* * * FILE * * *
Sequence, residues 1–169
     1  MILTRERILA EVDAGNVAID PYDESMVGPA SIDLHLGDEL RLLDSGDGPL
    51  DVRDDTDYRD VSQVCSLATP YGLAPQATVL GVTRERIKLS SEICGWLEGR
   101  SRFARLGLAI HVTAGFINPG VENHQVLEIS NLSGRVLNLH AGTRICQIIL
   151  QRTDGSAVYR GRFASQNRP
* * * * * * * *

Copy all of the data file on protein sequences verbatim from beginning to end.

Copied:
Sequence, residues 1–169
     1  MILTRERILA EVDAGNVAID PYDESMVGPA SIDLHLGDEL RLLDSGDGPL
    51  DVRDDTDYRD VSQVCSLATP YGLAPQATVL GVTRERIKLS SEICGWLEGR
   101  SRFARLGLAI HVTAGFINPG VENHQVLEIS NLSGRVLNLH AGTRICQIIL
   151  QRTDGSAVYR GRFASQNRP